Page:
As an early example of this integration, I offer our work in York Region District School Board, a large, multicultural urban district just north of Toronto. York Region consists of some 160 elementary and 30 secondary schools. District leaders there started with organizational development, and then reinforced it with systematic individual development. Concentrating first on the former, the district established a literacy collaborative framework, worked with school teams, and went about its business of identifying and sharing effective practices. Learning networks also have been established, whereby schools learn from each other. York is, in other words, working directly on changing the culture of its schools and the district itself. Organization development means system development as well.

As York began to identify the particular leadership qualities associated with success, district leaders turned their attention to individual development, by creating a “leadership-development framework.” The leadership-development requirement applies to all future and current principals. There are three dimensions: roles, competencies, and learning activities. The roles are: (1) emergent leaders (those preparing to become principals), (2) first-time administrators, and (3) experienced assistant principals and principals.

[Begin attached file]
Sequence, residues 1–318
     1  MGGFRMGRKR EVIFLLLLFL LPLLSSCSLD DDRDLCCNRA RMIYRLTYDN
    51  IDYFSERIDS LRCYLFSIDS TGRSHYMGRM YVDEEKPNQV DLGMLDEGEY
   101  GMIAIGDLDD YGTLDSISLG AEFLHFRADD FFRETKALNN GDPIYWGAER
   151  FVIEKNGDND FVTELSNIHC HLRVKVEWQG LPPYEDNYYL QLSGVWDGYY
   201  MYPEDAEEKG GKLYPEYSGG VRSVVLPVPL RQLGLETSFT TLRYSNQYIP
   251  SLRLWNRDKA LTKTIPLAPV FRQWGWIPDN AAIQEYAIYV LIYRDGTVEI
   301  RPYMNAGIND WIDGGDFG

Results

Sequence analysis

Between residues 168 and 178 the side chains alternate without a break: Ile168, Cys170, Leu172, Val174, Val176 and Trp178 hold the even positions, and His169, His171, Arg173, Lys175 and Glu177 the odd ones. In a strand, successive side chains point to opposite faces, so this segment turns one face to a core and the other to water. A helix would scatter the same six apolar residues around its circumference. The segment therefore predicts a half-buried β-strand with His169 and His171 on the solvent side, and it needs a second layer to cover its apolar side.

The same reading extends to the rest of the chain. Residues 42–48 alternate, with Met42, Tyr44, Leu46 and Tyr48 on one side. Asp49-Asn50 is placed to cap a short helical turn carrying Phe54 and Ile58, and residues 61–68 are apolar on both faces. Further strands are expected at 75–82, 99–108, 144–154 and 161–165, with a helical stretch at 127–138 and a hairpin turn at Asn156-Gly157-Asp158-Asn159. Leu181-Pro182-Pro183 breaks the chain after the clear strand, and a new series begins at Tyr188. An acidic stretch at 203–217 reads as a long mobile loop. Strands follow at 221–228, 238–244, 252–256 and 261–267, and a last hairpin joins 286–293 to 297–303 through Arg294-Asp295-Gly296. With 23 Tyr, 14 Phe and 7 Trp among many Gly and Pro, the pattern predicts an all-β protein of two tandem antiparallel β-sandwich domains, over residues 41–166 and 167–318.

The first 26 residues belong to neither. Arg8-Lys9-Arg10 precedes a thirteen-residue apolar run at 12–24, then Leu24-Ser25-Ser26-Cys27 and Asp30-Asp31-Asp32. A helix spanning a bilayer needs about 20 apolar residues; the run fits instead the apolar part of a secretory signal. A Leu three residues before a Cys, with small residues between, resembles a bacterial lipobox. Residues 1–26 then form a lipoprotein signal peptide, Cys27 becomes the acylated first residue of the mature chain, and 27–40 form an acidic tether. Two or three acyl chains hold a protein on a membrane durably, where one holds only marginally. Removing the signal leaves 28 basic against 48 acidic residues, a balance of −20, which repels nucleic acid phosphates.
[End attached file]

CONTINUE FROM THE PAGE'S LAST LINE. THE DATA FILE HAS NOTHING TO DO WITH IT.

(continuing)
Competencies fall into four domains: setting direction and sustaining the vision, building relationships, leading and managing instruction, and further developing the organization. For each domain, the knowledge, skills, and subcompetencies required are spelled out.